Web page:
Yes, that's what it makes me think: why one should implement your own/not wrapped/not portable/home made functions "SIMD oriented" when we have such of great libraries?
Because you might not find what are looking for in there.
IPP is really strong if you go on algrotihm level. i.e try to beat the IPP FFT.. good luck.
If you are on CPU instruction level, you will always move memory in and out of IPP, while the compiler migth be able to use registers if you code intrinsics.
Example: Extend your for loop with some more math than a single _mm_add_pd. If you don't find that math in IPP you need to call lot IPP functions with blocksize=1 (will be slower than intrinsics for sure), or you need to re-arrange code and break up into multiple loops, pre-implemented by IPP.
So you can't say IPP will be faster than your SSE2 intrinsics, just because of the dispatcher.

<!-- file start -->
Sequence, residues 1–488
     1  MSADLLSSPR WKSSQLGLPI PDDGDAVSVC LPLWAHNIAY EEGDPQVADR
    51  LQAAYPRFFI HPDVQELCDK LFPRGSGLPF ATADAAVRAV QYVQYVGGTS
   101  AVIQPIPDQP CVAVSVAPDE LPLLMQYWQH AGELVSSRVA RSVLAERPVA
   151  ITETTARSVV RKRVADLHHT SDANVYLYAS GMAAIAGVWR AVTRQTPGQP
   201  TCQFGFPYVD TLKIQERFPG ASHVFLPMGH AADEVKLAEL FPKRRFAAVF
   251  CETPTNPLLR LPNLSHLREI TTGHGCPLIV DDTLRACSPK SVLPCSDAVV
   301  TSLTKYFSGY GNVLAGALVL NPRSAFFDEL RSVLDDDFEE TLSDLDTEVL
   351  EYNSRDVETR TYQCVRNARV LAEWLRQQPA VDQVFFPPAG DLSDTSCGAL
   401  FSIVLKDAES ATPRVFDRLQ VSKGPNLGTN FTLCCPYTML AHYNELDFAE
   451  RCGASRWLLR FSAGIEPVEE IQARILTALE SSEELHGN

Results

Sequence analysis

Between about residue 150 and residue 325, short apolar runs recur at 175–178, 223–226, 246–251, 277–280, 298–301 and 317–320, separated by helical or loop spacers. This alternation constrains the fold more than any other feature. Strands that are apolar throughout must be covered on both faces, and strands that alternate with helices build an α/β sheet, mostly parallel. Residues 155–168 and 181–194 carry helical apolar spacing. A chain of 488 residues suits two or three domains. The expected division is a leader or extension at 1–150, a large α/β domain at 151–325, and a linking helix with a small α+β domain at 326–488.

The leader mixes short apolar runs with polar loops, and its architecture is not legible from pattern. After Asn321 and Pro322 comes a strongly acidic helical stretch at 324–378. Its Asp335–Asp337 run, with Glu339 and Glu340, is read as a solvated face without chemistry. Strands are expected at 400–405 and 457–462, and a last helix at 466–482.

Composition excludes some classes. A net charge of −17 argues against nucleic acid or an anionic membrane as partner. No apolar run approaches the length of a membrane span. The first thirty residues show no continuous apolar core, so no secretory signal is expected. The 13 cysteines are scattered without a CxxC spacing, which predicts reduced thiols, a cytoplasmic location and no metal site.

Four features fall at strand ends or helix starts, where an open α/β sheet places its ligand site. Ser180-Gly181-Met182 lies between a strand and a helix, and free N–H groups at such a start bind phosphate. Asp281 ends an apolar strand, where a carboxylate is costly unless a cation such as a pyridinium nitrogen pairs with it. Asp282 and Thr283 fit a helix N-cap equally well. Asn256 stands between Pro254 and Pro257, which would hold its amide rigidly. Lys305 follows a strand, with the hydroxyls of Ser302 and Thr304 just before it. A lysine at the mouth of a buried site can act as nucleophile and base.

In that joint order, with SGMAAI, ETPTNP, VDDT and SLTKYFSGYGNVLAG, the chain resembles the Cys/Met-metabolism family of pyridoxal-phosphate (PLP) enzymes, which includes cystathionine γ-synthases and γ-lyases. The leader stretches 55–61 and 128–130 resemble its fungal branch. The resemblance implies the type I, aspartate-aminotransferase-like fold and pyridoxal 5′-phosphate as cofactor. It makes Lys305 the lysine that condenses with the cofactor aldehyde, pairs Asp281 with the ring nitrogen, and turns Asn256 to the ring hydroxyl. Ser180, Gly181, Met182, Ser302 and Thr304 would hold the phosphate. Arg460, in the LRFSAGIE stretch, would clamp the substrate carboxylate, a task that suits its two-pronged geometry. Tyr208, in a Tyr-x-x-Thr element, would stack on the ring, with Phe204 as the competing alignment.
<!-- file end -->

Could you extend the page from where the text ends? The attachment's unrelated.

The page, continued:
It will depend on what you do and how you do it and what your target system is actually capable of (I remeber an Intel (or was it AMD??) CPU generation that supported AVX(256bit) instructions, but on an SSE(128bit) execution unit - by doing same op twice. Result: AVX instructions where terrible slow compared to SSE2, so your SSE2->AVX optimization made it worse).
But as you say.. it is more important to understand first whats going on under the hood and to understand how use a CPU effectively. Afterwards think about implementation details
Starting with usage of SSE2 intrinsics is a good way. If you understood it once, porting to AVX or AVX2 or IPP or.. will be no big deal, just typing working.
Surely straight asm would be more faster and specific for actual problem (if you know what you are doing), but later you have "lots" of trouble on make it portable. The same with intrinsics, I believe.
Same with IPP. If you leave the C spec, you enter the world of CPU architectures: there is no IPP for ARM/NEON or PPC or any other CPU does not support the Intel instruction set. IPP != portable ;D